According to credit fraud statistics, credit fraud and identity theft are on the increase in South Africa. Losses due to defaulting on payments far exceed those caused by fraud. However, if credit fraud or identity theft happens to you, it can be overwhelming. Victims may be protected financially, but they are forced to experience major inconvenience. Ultimately, we all pay for credit card fraud in terms of higher prices, higher interest rates, and extra inconvenience. In essence, you should never say that it will never happen to you. However, there are certainly more groups of people that are more susceptible to credit fraud. How you interact on social networks, use your mobile device and pay for things can make you more susceptible to identity theft. “We have a society that is so conditioned to share information that it can get into the wrong hands and wreak havoc on our identities,” says Joe Mason, senior vice president of Intersections Inc., a provider of identity protection services.
Social media users are at the mercy of ID fraudsters. You wouldn’t think of posting your bank account information on a social network. The same kind of privacy should apply to the other key bits of your identity. To protect yourself, be guarded about what you reveal about yourself and your family, and think about who will be reading your updates, comments and tweets.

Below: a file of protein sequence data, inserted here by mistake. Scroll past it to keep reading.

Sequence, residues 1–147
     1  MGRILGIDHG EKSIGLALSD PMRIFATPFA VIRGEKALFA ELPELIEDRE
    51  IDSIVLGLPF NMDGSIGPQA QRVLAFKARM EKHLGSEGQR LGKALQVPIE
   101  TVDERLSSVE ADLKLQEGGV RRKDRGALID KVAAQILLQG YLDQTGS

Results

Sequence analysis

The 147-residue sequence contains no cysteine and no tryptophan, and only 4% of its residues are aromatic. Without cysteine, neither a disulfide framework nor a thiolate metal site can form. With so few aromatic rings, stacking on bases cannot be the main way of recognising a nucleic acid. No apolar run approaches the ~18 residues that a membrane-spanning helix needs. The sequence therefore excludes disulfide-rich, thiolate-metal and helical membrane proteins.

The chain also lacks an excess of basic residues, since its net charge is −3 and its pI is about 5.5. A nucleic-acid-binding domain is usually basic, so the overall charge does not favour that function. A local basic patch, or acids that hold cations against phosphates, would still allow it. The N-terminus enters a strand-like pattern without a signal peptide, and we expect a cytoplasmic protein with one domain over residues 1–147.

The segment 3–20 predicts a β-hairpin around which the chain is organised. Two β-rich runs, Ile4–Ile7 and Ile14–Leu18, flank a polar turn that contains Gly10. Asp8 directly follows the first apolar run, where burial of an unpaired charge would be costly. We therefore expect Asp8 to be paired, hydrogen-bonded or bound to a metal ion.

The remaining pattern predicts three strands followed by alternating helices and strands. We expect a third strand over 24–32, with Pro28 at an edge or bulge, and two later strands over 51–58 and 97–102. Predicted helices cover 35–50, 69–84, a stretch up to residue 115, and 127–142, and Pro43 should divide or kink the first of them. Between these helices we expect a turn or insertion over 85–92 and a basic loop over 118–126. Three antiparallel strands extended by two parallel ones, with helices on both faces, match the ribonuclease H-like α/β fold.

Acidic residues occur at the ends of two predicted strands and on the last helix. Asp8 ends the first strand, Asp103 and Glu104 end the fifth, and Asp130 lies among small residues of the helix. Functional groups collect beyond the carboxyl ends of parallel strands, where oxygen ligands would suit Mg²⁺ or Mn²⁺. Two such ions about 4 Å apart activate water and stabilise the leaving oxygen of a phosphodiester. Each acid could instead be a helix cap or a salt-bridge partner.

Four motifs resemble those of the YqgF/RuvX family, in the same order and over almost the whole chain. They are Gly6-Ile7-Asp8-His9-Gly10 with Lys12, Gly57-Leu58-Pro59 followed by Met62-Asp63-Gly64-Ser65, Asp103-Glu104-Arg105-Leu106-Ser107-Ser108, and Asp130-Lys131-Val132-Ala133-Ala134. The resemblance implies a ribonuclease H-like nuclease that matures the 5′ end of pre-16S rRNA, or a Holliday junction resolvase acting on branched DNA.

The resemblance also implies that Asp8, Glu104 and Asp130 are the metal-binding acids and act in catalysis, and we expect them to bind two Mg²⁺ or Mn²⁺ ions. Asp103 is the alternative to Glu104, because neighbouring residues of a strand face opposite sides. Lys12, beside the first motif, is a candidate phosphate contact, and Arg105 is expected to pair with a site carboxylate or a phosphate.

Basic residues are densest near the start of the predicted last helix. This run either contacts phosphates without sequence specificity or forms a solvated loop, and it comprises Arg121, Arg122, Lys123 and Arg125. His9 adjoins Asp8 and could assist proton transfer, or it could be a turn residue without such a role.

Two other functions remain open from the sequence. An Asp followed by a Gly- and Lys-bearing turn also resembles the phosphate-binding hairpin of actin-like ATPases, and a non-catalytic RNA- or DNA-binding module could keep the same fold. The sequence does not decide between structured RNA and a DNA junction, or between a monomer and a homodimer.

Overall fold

We all stopped carrying cash as a means of protecting ourselves, but the plastic cards that we cling to are also making us victims. Not only does a stolen credit or debit card put you at risk of losing valuable money, it also puts you at risk of identity theft. Having your card in their possession gives them access to vital information about yourself. Try to avoid relying on debit cards. They don’t have the extra layers of fraud protection you get with credit cards. Avoid making small and frequent purchases. Do not store a written-down PIN next to the card and never carry around too many cards.
We also need to be just as cautious when it comes to something else we keep on our personal possession at all times – your cellphone. Only about one-third of people actually put a password on their phone and nearly every person stores sensitive financial information on their phone. Many smartphone users also don’t give a second thought to using public wireless hot spots. Sometimes those are set up by criminals who use free Wi-Fi to capture sensitive data and hack into mobile devices. Techco provides a list of useful apps that people can install on their phone. These apps can protect you from identity theft. Greenbot suggests some essential apps to install on your phone that will actually secure it if and when it gets stolen.